II. Depolarizing NM junction blockers 28 June 201422 Succinylcholine: Mech. of action: Phase I- opens the Na channels- membrane depolarization- transient fasciculations. Flaccid paralysis will follow in a few minutes Phase II: the membrane partially repolarize. However, these receptors are now desensitized to Ach, Thus preventing the formation of further action potentials. In other words, is now acting in a manner similar to tubocurarine.
28 June 201423 1. As an adjuvant to GA to facilitate rapid intubation. 2. Orthopedic procedures for alignment of fractures. 3. In electroshock treatment of psychiatric disorders. Therapeutic Use
Drug Interaction Cholinesterase inhibitors: can overcome the action of nondepolarizing neuromuscular blockers Halogenated hydrocarbon anesthetics: Drugs such as halothane sensitize the neuromusclular junction to the effects of neuromuscular blockers. Aminoglycoside antibiotics: inhibit Ach release from cholinergic nerves by competing with calcium ions. (Synergistic) Calcium-channel blockers: These agents may increase the neuromuscular block of tubocurarine and other competitive blockers as well as depolarizing blockers. 28 June 201424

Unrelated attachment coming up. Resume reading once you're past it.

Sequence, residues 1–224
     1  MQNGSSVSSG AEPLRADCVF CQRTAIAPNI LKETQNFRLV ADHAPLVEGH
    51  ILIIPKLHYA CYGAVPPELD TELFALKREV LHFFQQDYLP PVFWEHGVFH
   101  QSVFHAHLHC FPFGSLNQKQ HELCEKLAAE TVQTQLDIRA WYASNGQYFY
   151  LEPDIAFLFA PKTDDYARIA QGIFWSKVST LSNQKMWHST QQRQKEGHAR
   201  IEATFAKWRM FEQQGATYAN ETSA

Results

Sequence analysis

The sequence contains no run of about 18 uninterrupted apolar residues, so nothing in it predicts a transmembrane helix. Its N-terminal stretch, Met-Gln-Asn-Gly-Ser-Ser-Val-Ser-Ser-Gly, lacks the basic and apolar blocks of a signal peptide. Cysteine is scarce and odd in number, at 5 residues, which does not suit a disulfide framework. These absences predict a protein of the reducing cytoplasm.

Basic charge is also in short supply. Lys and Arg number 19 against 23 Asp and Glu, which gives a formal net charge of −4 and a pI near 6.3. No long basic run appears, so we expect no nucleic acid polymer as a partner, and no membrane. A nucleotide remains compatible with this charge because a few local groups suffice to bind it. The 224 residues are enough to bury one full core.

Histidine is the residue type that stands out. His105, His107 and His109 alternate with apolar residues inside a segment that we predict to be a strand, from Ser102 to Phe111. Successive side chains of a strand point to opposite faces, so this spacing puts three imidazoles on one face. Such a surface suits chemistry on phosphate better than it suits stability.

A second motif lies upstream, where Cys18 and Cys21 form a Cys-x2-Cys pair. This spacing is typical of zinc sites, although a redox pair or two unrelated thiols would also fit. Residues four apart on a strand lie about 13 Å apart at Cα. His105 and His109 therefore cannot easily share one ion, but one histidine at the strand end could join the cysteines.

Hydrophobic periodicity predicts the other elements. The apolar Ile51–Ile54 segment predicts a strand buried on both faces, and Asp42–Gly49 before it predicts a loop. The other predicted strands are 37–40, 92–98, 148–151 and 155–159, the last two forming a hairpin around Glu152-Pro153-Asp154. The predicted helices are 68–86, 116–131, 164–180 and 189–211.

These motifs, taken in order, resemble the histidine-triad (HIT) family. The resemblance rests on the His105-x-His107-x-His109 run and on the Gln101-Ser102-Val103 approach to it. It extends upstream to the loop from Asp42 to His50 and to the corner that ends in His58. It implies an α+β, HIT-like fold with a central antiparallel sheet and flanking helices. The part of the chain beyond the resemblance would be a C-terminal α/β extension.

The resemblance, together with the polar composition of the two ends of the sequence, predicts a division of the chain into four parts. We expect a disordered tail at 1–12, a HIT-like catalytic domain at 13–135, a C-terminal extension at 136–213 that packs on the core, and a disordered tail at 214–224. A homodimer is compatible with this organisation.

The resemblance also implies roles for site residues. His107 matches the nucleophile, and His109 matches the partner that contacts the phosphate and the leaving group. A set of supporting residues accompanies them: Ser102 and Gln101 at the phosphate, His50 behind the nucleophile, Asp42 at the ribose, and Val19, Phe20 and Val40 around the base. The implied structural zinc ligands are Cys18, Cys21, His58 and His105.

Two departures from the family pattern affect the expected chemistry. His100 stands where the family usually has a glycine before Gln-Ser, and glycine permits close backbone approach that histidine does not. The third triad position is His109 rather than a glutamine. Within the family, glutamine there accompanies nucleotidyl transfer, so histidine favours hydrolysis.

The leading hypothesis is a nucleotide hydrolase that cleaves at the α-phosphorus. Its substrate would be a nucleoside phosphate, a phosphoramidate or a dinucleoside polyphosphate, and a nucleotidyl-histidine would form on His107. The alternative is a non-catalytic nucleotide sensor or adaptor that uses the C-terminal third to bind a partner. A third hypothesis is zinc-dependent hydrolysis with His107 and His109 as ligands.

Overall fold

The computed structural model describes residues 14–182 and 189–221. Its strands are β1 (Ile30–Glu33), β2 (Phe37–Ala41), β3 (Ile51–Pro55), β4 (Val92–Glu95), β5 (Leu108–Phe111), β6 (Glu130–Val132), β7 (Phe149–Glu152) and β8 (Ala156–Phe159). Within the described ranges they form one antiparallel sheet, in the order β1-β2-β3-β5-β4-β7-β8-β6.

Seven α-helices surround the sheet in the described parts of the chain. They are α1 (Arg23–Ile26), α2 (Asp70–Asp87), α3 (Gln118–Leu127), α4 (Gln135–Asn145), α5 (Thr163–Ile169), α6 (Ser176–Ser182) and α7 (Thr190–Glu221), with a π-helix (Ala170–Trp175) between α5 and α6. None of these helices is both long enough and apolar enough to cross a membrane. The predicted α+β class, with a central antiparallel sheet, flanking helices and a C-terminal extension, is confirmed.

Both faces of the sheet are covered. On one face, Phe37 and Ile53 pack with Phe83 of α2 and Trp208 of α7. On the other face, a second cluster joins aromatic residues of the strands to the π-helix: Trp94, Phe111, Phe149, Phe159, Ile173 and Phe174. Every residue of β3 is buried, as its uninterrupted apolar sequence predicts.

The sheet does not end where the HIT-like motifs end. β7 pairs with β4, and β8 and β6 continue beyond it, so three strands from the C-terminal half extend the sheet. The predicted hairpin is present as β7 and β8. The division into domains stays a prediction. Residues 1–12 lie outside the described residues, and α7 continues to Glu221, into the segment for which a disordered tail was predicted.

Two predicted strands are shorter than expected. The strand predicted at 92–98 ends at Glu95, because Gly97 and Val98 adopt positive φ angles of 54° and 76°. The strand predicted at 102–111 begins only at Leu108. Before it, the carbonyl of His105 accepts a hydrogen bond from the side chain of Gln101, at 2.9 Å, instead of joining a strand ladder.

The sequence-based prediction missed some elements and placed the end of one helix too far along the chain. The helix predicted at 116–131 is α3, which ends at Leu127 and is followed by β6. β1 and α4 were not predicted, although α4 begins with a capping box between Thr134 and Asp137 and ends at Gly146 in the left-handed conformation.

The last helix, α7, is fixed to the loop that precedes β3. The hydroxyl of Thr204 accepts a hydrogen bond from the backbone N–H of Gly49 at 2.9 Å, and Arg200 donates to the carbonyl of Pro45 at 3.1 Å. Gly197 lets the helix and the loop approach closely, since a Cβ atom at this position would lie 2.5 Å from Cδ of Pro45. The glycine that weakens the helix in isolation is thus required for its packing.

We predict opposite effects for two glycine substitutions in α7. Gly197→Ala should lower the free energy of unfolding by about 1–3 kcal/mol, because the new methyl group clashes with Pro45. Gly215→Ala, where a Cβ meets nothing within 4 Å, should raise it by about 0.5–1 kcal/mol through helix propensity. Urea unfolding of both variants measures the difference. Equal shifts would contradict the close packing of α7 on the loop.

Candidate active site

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Adverse effects of NM blockers: 28 June 201427 1. Bronchoconstriction caused by histamine release 2. Decreased tone and motility in GI tract 3. Depolarizing agents can cause increased K+ efflux in patients with burns, trauma, or denervation and lead to hyperkalemia 4. Hypotension 5. Arrhythmias 6. Apnea due to respiratory paralysis (check for psudocholinesterase genetic polymorphism) 7. Malignant hyperthermia (succinylcholine+halothane especially); Rx by dantroline. It blocks the release of Ca+2 from the sarcoplasmic reticulum which subsequently reduces skeletal muscle contraction. Q. Do NM junction blocking agents block autonomic ganglia as well???